Talk

Advanced search

Mumsnet has not checked the qualifications of anyone posting here. If you have any legal concerns we suggest you consult a solicitor.

my rights re children

(3 Posts)
bigbuttons Tue 08-Sep-15 14:09:11

I hope someone can help or point me in the right direction. I shall try to be was brief as I can.

I have 6 children with my ex.We are not married. T youngest child is 8 and the eldest just 17. When we lived together we were in a very large house with land etc etc. my name is not on the mortgage but I did put a lot of money into the house at one point.
He was and is an abusive man, mostly emotional, always financial and sometimes physical
3 odd years ago we decided we needed to split. The idea was I was to move out with the youngest 4 dc so that he could fix the house up to sell and then he would buy us both smaller houses.
I moved out, the oldest dc wanted to stay with him.
Of course 3 years down the line he is still in his house and I am still renting. He has a cleaner /housekeeper and a gardener. He pays no child support and claims he is broke ( self employed).

It has always been his opinion that i am a shit person and mother. He has told the older children a lot of lies about me and has worked very hard to get them onside. The oldest of my children living with me is a dd age 14 who adores him. A few months ago he worked with her so that she could spend 4 nights a week at his house. i didn't want it to happen and has\d no choice. I couldn't make her stay. he had told her it was better for her to be away from the noise of having 3 younger sibs.,. but felt powerless.
Dd is flightly and stubborn, she also self harms. I am her legal guardian and have PR for her.
I need to know what rights I have as far as all this goes. Can he just say she wants to stay with him therefore that is happening? Is it possible for me to get a formal agreement so that he has to stick to the days he has her and not enable her to swap and change whenever she feels like it?
I understand any judge would listen to what she wants ( which is time in both houses). What i can't stand is being pissed around like this. But he frightens me and the way he influences the children fighters me.
He has filled the large house with students and he and the children basically live in one room. He sleeps in the front room and the children have rooms at the top of the house. He is now doing self employed van driving and is often away all day and most of the evenings, leaving dd alone with her brothers ( not really a problem). Of course I don't get a penny, he would now argue he has 3 children and i have 3 therefore we are even.

last night she dd(14) was with me and he was due to collect her. He didn't turn up until 9.50 because he had been playing football.. I just can't stand this behaviour. I want it to stop.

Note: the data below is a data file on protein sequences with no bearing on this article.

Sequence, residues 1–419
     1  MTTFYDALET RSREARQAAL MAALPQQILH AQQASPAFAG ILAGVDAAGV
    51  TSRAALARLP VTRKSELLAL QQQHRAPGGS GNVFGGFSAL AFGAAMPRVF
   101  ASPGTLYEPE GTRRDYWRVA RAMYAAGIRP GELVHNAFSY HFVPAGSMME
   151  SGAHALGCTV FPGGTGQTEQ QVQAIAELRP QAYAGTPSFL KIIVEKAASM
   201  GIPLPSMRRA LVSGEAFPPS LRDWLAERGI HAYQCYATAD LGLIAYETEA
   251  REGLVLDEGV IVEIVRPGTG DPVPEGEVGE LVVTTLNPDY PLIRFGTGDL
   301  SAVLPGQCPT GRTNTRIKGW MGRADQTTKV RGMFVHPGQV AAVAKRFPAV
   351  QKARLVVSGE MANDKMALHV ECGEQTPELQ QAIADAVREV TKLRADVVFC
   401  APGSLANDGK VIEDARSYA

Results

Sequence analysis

Any advice please?
Thanks for reading.

STIDW Tue 08-Sep-15 21:08:23

You would be well advised to see a solicitor to see if you can establish a beneficial interest in the property.

Legally Parental Responsibility gives parents responsibility for their children and rights to carry out those responsibilities. An unmarried father who isn't on the birth certificate (from certain dates depending whereabouts you live in the UK) or hasn't acquired Parental Responsibility through an agreement with you or a court order doesn't have PR.

When a father has PR he has the same responsibility and rights as the mother and arrangements for children need to be agreed. If agreement cannot be reached either parent may apply to court for an order to resolve the issue.

From a practical POV good contact for children relies on parents working together, or at least not against each other. A mediator might be able to help you come to an agreement and draw up a written parenting plan. An alternative would be counselling. Relate can support parents of troubled parents.

If that fails you can apply to court for a Child Arrangement Order if an order would make the arrangements better for the child. An agreement can be reached during proceedings the court can make an order "by consent." However teenagers can resent a parent taking the other parent to court and a 14 year olds views carry considerable weight. Forcing your daughter into an arrangement could seriously backfire leading to risky behaviour such as running away.

bigbuttons Wed 09-Sep-15 06:35:27

Thank you for replying.

My ex does not have PR and has not sought to get it legally.

I am aware that DD's views will be taken into account I just want to stop ex from trampling all over me.
Yes it is a problem that Dd will run away. She runs away from everything that she doesn't like and being with her is like walking on egg shells.
it is a miserable situation.

Join the discussion

Join the discussion

Registering is free, easy, and means you can join in the discussion, get discounts, win prizes and lots more.

Register now